It has always surprised me that there are so few Renault R8s to be seen on the roads in this country, and I was delighted to read Mr. Wintle’s championship of this fine motor car.
I had occasion to change cars in December, 1963. The actual decision was preceded by weeks of study of road tests and performance tables, in search of the family man’s inevitable compromise between performance, capacity and price. The ideal would have been the Fiat 1500 (another foreign product incidentally) but this was too expensive, as was the Lotus Cortina, and the Gilbern GT. I toyed with the idea of an Alexanderised Herald, but short of putting the kids on a shrinking diet, I saw no hope of accommodating them in the back. The Morris 1100, the Cortina in standard form, and the Victor were all looked at and dismissed, for reasons which at one time or another have been ventilated in your correspondence columns, and I had almost made up my mind to a Ford GT Cortina when the R8 struck me as a possibility . . . I have had no regrets.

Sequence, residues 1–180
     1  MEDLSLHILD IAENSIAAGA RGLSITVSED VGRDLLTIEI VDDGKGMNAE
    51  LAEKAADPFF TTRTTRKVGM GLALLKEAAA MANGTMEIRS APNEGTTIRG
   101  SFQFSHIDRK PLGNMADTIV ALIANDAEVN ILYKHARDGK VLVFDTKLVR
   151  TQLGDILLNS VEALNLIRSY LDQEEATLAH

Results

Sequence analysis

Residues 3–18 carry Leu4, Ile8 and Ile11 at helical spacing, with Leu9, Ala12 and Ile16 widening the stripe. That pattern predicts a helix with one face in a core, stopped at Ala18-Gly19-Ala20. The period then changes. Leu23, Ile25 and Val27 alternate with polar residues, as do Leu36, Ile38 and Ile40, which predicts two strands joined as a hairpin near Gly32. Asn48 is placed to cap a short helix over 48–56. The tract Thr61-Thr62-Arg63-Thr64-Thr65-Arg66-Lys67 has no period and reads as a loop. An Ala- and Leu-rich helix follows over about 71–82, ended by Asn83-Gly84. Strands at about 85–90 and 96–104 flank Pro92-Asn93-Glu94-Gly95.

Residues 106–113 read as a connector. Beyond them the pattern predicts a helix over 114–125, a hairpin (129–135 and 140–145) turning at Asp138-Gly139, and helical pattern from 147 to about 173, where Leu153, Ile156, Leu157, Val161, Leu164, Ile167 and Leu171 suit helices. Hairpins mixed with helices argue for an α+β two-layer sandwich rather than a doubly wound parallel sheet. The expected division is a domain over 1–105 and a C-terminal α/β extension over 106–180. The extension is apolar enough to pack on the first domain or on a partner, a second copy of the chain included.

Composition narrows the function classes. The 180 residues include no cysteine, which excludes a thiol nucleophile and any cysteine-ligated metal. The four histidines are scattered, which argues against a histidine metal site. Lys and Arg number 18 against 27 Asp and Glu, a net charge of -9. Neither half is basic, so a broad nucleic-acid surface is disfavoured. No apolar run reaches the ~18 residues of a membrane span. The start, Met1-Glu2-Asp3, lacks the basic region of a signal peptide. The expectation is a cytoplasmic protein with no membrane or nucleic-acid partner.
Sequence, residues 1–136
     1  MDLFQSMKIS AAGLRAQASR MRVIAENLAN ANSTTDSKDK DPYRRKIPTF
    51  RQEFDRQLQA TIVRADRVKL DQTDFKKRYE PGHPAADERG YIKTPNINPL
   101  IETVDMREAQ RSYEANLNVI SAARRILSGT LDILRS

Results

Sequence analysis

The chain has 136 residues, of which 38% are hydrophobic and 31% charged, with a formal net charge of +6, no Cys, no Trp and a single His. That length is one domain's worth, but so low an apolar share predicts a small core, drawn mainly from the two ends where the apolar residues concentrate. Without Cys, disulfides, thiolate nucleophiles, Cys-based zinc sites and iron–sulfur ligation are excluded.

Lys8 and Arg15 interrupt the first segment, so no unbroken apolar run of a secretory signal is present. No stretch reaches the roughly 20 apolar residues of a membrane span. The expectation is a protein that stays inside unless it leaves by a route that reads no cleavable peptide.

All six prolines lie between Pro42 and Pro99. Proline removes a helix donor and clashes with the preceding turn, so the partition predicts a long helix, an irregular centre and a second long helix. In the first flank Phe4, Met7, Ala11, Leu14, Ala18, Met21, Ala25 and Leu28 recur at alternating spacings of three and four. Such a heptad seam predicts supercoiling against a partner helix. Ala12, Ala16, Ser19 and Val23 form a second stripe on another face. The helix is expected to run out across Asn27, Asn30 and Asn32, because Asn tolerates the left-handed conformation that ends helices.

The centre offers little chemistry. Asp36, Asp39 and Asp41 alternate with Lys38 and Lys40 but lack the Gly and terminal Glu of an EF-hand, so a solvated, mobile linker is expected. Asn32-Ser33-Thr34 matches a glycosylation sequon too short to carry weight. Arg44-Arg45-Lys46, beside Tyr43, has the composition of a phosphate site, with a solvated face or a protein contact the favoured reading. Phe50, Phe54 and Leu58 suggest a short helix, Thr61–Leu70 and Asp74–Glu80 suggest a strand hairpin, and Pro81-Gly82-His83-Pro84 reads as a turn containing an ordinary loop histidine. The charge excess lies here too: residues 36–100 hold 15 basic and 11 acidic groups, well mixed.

The car has now done 3,500 miles; it is very intelligently planned, beautifully engineered, and (by British standards) very well finished indeed. The acceleration of the 956 c.c. engine happily disposes of the 1,500 c.c. products of Morris, Rootes and Ford, including the latter’s Super version of the “World’s most exciting light car,” together with the “Safety Fast” gentlemen from Abingdon; the complementary fore and aft disc brakes are not – English manufacturers please note – an extra. Neither are the two ventilating systems, “X” tyres, screen-washers, ignition lock, sealed cooling system, and those superlative front seats.
There are, of course, a few criticisms: for example, the hand brake in the off position needs a baboon-like arm to reach it, and the gearbox seems to produce a variety of noises. But on the whole this is real value for the family man. Usual disclaimers.
P. W. DIXON.
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